IoT device security certification testing and standards adoption is paramount to be put in place by the IoT manufacturers or the governing body for IoT manufacturers. As more and more consumer smart home IoT devices come online, the security risk is growing, and IoT manufacturers must be held accountable for protecting consumers security, privacy and held legally libel from breaches that should be prevented by automated product patching.  This paper is one step towards exposing consumers to the manufacturer’s security vulnerabilities and the hope that future research continues to conduct simple vulnerability tests which increase the legal liabilities and force changes to the way devices manufacturers produce products in the future.



Asim, M., & Iqbal, W. (2016). IoT operating systems and security challenges. International Journal of Computer Science and Information Security, 14(7), 314-318. Retrieved from

ARRIS Enterprises. (2015). Surfboard SBG6782-AC Wireless Gateway with MoCA User Guide. [PDF]. Retrieved from

Asplund, M., & Nadjm-Tehrani, S. (2016). Attitudes and perceptions of IoT security in critical societal services. IEEE Access, 4, 2130-2138. doi:10.1109/ACCESS.2016.2560919

Bahl, N., Sharma, A. K., & Verma, H. K. (2012). On denial of service attacks for wireless sensor networks. International Journal of Computer Applications, 43(6), 43-47. doi:10.5120/6111-8348

Banerjee, U., Vashishtha, A., & Saxena, M. (2010). Evaluation of the capabilities of WireShark as a tool for intrusion detection. International Journal of Computer Applications, 6(7) doi:

Barcena, M. B., & Wueest, C. (2015, March 12). Insecurity in the Internet of Things [PDF Document]. Retrieved from

Farooq, M. U., Waseem, M., Mazhar, S., Khairi, A., & Kamal, T. (2015). A review on internet of things (IoT). International Journal of Computer Applications, 113(1) doi:


Goel, J. N., & Mehtre, B. M. (2015). Vulnerability assessment & penetration testing as a cyber defence technology. Procedia Computer Science, 57, 710-715. doi:10.1016/j.procs.2015.07.458

Kolias, C., Stavrou, A., Voas, J., Bojanova, I., & Kuhn, R. (2016). Learning internet-of-things security “hands-on”. IEEE Security & Privacy, 14(1), 37-46. doi:10.1109/MSP.2016.4

Kumar, R. (2014). Research methodology: A step-by-step guide for beginners (4th ed.). Los Angeles, CA: SAGE Publications.

Kumar, J. S., & Patel, D. R. (2014). A survey on internet of things: Security and privacy issues. International Journal of Computer Applications, 90(11) doi:

Lin, H., & Bergmann, N. W. (2016). IoT privacy and security challenges for smart home environments. Information, 7(3), 44. doi:

O’Brien, H. M. (2015, 10). The internet of things: The inevitable collision with product liability. The Licensing Journal, 35, 6-12. Retrieved from

Plant, R. T., & Murrell, S. (2007). An Executive’s Guide to Information Technology: Principles, Business Models, and Terminology. Cambridge: Cambridge University Press.

Scarfone K., Souppaya M., Cody A., Orebaugh A. (2008) Technical Guide To Information Security Testing and Assessment (NIST Special Publication800-115). National Institute of Standards and Technology. Retrieved from:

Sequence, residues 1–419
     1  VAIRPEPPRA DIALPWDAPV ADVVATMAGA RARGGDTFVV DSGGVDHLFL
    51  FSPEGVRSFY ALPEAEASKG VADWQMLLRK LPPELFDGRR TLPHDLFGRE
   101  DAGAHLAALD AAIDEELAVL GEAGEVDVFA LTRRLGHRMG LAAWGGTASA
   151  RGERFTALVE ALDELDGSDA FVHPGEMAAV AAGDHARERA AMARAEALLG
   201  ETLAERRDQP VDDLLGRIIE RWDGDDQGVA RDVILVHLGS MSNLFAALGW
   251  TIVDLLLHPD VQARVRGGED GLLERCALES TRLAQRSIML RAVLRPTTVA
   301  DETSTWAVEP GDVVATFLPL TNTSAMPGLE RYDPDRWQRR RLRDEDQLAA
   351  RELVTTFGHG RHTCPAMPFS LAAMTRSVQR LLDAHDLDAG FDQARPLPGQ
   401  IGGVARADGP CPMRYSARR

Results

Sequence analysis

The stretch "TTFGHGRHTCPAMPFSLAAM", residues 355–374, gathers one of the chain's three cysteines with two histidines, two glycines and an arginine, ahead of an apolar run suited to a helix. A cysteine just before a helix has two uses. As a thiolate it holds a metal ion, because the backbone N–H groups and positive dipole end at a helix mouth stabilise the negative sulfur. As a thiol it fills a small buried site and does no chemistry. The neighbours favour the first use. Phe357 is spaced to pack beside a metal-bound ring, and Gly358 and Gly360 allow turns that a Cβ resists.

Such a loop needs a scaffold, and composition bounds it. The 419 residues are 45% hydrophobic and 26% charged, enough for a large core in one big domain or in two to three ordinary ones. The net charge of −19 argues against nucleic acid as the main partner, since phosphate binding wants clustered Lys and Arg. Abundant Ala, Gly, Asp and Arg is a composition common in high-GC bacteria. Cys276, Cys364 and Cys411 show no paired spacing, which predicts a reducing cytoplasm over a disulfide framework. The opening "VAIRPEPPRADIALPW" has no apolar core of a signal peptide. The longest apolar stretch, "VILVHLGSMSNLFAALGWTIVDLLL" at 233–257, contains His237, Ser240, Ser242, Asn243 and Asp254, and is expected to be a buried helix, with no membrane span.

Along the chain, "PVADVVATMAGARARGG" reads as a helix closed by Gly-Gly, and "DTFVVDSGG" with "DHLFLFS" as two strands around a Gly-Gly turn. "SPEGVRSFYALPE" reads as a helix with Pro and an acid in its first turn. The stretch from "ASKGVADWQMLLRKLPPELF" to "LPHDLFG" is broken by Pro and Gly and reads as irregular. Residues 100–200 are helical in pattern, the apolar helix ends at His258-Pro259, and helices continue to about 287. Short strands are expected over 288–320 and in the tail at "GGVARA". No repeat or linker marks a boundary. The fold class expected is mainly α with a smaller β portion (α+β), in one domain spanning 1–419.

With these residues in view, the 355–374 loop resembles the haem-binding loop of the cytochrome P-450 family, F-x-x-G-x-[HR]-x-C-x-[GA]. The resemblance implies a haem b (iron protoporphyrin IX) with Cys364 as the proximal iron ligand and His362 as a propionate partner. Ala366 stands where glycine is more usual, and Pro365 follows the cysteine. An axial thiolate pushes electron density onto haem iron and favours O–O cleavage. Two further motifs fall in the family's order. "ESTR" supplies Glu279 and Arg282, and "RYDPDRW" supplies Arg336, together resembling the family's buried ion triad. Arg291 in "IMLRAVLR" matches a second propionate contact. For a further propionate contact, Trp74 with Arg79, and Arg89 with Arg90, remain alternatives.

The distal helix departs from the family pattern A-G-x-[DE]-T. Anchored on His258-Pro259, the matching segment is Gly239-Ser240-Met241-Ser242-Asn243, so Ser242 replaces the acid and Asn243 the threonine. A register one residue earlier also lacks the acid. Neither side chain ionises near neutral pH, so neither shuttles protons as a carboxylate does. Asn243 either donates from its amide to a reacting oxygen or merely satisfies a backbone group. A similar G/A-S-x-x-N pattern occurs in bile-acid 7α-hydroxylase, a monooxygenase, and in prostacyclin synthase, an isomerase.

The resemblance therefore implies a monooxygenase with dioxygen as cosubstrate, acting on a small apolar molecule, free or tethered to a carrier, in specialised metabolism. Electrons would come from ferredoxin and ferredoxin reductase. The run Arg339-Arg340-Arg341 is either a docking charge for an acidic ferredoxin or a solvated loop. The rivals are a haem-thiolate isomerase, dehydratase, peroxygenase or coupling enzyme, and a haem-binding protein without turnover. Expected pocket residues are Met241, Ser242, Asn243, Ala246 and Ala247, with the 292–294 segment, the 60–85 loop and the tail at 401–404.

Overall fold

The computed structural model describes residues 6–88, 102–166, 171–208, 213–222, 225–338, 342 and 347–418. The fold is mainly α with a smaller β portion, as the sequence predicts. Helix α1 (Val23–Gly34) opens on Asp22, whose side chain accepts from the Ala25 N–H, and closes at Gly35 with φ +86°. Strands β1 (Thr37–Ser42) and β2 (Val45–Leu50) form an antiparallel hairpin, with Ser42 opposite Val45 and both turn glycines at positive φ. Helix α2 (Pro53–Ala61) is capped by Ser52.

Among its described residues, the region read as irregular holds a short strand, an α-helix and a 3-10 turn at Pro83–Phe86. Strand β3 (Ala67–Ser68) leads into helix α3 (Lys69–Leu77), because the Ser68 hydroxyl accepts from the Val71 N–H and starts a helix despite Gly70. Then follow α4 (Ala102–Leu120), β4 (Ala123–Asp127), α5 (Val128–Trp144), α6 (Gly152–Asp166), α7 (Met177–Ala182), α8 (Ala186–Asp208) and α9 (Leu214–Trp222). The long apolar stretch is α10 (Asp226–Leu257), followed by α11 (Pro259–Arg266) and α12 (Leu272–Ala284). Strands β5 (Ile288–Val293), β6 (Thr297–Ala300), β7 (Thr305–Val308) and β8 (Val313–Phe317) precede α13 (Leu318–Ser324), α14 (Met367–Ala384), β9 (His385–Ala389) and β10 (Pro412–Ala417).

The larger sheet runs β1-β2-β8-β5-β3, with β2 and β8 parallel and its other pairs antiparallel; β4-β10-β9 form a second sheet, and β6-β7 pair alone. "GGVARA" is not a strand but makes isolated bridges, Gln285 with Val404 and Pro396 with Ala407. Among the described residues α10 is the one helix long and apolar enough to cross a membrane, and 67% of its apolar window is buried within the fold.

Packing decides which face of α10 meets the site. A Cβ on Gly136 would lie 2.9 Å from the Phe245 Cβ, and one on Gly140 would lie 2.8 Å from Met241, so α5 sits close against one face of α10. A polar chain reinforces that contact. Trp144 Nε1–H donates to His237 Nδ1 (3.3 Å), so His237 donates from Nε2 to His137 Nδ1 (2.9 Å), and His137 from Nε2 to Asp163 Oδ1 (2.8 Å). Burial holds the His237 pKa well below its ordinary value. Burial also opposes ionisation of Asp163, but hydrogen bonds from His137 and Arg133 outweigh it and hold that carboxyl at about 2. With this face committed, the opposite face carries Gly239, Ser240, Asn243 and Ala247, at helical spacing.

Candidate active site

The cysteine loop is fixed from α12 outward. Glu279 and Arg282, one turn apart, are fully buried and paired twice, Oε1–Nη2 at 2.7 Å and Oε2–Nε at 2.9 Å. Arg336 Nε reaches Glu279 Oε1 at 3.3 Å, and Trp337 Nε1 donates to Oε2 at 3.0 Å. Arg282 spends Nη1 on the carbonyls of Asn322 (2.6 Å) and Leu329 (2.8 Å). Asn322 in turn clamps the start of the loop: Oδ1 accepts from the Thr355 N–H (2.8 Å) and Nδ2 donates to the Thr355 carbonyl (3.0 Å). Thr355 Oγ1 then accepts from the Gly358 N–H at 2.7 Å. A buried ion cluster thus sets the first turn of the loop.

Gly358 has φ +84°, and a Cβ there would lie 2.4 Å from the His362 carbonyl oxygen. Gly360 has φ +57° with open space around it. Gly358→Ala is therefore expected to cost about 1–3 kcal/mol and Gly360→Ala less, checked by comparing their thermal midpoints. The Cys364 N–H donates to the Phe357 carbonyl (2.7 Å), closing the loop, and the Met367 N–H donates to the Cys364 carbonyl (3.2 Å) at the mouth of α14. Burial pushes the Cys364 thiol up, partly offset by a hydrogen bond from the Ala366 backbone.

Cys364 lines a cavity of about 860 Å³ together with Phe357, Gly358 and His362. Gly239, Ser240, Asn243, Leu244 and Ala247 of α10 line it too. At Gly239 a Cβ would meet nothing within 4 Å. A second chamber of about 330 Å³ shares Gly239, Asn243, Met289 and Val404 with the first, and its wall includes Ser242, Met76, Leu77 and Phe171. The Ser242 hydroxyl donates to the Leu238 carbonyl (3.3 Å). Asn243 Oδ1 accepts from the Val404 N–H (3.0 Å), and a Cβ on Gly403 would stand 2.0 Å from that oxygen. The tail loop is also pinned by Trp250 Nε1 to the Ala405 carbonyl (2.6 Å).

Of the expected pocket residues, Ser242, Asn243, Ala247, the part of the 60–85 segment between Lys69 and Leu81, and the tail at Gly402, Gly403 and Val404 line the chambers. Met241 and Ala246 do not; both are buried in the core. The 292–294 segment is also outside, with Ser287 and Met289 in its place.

Google Zeitgeist 2010 Reveals The Top Internet Searches For The Year

Posted by & filed under Data Analytics, Search Engine, Social Media Analytics.

Always Interesting what people are searching for on the Internet.   Google Zeitgeist list the most searched words for 2010.  All Zeitgeist New Zealand’s Zeitgeist‘sIpad’s popular for sure world wide and Christchurch Earthquake seems to be up there in NZ.

Fastest Rising Worldwide

  1. chatroulette
  2. ipad
  3. justin bieber
  4. nick minaj
  5. friv
  6. myxer
  7. katy perry
  8. twitter
  9. gamezer
  10. facebook

Fastest Rising in New Zealand

  1. grabone
  2. chatroulette
  3. christchurch earthquake
  4. justin bieber
  5. geonet
  6. fifa
  7. facebook login
  8. youtube music
  9. lotto results
  10. avata

Removing Oracle RAC from Windows X64

Posted by & filed under Oracle RAC, Software.

I had to remove Oracle 11g and reinstall Oracle 10gRel2 for a client recently.

1a, b and d are required if you are using RAW devices for your OCR and Votedisk If you are using OCFS for these files, skip to step 1c followed by 1e.

1. Remove the partitions that have been initialized for ocrcfg and votedsk

b. Stop windows services on each cluster node and set them to manual. So if nodes reboot while you tidying up the services will not attempt to start all by themselves.


c. Delete the partition using that was created

d. It is advisable to remove and recreate your logical drives on top of extended partitions at this time
from Windows Disk Management.

2. Execute the Oracle Universal Installer to remove all software from the CRS home

3. Run the Oracle Universal Installer to remove the empty CRS home and clean up the inventory file

4. Remove Oracle binaries using Windows explorer (right mouse click delete), both the CRS home and the files located in

c:\program files\oracle

5. Be sure to check the registry for each cluster node be sure all oracle services have been removed from windows server: